No Muslim in Maharashtra Legislative Council for the First Time in History


Ensuring adequate representation for all communities is crucial for the health of democracy and equitable development of society.

Team Clarion

MUMBAI – For the first time since its inception in 1937, the Maharashtra Legislative Council will not have a single Muslim representative. This unprecedented situation arises as the terms of the two current Muslim councillors, Wajahat Mirza of Congress and Abdullah Khan Durrani of NCP (Sharad Pawar), are set to expire this month. No Muslim candidate has been fielded for the upcoming council elections, leaving the Legislative Council without any Muslim representation.

Maharashtra’s two-house legislature has always included Muslim representatives since 1937. The absence of Muslim members in the Legislative Council marks a significant departure from this historical norm. This development comes on the heels of the recent Lok Sabha elections, where none of the 48 seats in the state were won by Muslim candidates. This has raised concerns among Muslim leaders and communities about their diminishing political representation.

The absence of Muslim candidates in recent elections has sparked considerable discontent among Muslim leaders within the Congress and other opposition parties. In the 2019 state assembly elections, only 10 Muslims were elected for the 288-seat House. This is despite Muslims making up over 12% of Maharashtra’s population, according to the 2011 census, which translates to more than 1.30 crore individuals.

Samajwadi Party MLA Raees Sheikh has voiced these concerns by writing to key leaders of the Maha Vikas Aghadi (MVA) coalition, including Shiv Sena (UBT) chief Uddhav Thackeray, Congress state president Nana Patole, and NCP (SP) state president Jayant Patil. He has demanded that Muslims be given adequate representation in the next elections of the Legislative Council.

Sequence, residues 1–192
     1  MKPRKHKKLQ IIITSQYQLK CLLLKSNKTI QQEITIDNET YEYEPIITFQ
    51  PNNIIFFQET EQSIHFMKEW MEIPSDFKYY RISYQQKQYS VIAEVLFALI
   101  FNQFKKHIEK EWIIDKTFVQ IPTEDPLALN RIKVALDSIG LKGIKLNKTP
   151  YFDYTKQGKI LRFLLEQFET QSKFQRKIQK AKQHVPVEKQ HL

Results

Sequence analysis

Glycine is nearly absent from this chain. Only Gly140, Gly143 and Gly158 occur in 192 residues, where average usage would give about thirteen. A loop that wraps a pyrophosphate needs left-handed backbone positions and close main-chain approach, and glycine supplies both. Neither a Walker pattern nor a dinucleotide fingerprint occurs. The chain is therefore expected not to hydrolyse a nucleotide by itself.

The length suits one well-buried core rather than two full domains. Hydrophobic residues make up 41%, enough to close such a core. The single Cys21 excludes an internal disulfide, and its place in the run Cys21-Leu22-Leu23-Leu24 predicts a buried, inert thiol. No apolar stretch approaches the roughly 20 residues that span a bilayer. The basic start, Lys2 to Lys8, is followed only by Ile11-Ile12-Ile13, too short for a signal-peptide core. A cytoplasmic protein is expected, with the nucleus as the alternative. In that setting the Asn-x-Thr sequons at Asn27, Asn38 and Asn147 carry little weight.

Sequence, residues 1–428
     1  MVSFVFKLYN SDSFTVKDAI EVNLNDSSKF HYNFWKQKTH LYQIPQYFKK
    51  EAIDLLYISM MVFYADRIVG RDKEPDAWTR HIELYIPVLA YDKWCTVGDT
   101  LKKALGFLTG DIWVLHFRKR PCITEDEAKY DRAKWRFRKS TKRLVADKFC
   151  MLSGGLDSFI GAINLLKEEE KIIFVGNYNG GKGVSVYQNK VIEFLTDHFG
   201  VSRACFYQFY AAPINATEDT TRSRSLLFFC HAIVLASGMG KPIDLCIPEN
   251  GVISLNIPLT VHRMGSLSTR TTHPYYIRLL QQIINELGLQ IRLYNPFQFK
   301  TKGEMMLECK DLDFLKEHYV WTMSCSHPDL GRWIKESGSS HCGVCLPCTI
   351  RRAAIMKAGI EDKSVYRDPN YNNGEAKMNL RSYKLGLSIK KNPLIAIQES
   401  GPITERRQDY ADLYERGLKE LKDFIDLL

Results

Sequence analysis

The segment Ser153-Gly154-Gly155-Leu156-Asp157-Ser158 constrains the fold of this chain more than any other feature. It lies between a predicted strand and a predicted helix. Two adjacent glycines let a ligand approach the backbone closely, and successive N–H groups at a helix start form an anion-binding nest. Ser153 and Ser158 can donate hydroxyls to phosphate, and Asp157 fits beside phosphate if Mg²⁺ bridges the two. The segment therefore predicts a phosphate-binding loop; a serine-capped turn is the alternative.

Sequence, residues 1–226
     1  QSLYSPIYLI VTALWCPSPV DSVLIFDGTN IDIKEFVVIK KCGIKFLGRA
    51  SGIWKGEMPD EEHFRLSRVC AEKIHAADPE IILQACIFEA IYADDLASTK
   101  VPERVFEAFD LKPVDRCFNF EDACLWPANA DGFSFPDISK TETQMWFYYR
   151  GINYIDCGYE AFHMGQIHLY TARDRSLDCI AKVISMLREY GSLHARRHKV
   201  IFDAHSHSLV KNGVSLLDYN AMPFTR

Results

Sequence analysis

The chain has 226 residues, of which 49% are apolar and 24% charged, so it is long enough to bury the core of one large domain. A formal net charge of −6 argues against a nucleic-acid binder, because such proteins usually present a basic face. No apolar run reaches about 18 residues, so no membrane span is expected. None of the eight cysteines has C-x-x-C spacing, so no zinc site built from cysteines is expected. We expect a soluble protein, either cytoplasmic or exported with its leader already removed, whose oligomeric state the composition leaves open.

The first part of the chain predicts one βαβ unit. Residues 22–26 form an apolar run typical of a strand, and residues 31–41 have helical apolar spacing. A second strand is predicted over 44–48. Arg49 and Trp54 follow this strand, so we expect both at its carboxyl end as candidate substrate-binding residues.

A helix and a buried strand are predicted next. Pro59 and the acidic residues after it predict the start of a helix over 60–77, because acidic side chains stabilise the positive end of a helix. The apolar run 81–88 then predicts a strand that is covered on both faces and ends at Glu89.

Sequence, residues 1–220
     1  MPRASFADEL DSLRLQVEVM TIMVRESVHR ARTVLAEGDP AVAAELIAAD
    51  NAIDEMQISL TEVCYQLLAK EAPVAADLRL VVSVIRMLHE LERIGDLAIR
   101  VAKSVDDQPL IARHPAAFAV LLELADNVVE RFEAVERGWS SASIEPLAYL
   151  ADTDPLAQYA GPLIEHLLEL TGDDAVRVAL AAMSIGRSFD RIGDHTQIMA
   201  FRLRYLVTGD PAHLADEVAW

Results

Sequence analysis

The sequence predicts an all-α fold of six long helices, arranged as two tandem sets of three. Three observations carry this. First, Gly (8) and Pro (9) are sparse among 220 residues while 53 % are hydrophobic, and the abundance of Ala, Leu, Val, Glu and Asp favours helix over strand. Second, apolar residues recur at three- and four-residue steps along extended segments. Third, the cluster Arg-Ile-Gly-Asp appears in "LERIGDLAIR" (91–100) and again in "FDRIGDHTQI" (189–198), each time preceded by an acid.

Political Alienation

The current exclusion of Muslim representatives could push the community towards parties like the All India Majlis-e-Ittehad-ul-Muslimeen (AIMIM). Raees Sheikh has cautioned that the MVA’s reluctance to field Muslim candidates risks alienating the community, potentially driving them to support AIMIM.

“Since the state came into existence, 567 MPs have been elected from Maharashtra, out of which only 15 (2.5%) are from the Muslim community. By not giving representation to Muslims, the MVA is taking the risk of sending them to parties like AIMIM, which polarise Muslims,” said Sheikh.

Fear of Polarisation

Political analysts suggest that the Congress and its allies are hesitant to field Muslim candidates due to fears that this could lead to a polarisation of votes, benefiting the BJP. The apprehension is that the majority votes might consolidate in favour of the BJP and its allies if Muslims are given tickets.

Prakash Ambedkar, leader of the Vanchit Bahujan Aghadi, criticised this approach, stating, “If they have to keep Muslims out like BJP, then what is the difference between the two? Maha Vikas Aghadi wants Muslim votes, not Muslim candidates.”

Muslim leaders are now pressing for a reconsideration of candidate selection policies to ensure fair representation. They argue that the lack of representation undermines the democratic fabric of the state and ignores the substantial Muslim population in Maharashtra.

The exclusion of Muslims from the Legislative Council could have far-reaching implications for Maharashtra’s political landscape. It remains to be seen how the MVA coalition and other political entities will address these concerns and whether they will take steps to ensure that Muslims are not sidelined in future elections.

The current scenario in Maharashtra reflects a broader issue of political representation for minority communities in India. The historical exclusion of Muslims from the Legislative Council underscores the need for inclusive politics that genuinely represent the diverse demographics of the state. Ensuring adequate representation for all communities is crucial for the health of democracy and equitable development of society.

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